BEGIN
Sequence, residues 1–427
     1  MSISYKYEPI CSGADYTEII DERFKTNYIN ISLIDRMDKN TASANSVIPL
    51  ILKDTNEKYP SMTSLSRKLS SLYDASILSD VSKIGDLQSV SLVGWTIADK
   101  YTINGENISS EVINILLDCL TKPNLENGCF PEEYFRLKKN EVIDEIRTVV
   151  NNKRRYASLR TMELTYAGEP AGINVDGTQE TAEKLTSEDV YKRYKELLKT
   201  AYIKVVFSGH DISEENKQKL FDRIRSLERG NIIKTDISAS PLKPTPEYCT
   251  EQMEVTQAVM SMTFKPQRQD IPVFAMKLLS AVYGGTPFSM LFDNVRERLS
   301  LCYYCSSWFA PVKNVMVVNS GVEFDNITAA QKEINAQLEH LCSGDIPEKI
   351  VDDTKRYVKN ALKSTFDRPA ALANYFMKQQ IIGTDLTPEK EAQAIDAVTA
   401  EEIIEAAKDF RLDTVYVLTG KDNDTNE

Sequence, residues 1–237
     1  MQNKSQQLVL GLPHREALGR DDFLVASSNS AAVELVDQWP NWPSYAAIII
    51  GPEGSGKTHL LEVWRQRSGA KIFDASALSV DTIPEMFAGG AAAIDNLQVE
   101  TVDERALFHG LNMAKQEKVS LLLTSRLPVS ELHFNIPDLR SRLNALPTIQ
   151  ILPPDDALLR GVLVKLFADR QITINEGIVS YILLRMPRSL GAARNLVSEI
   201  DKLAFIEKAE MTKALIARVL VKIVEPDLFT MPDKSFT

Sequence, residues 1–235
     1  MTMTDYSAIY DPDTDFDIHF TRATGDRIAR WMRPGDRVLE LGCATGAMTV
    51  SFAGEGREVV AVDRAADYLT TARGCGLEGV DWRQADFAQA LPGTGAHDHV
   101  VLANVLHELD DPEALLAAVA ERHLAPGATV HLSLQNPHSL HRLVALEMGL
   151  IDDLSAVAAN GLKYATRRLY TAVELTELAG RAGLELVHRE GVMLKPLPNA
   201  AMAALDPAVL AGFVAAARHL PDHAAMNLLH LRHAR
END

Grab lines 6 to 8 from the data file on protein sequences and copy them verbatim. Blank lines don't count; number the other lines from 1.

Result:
   201  AYIKVVFSGH DISEENKQKL FDRIRSLERG NIIKTDISAS PLKPTPEYCT
   251  EQMEVTQAVM SMTFKPQRQD IPVFAMKLLS AVYGGTPFSM LFDNVRERLS
   301  LCYYCSSWFA PVKNVMVVNS GVEFDNITAA QKEINAQLEH LCSGDIPEKI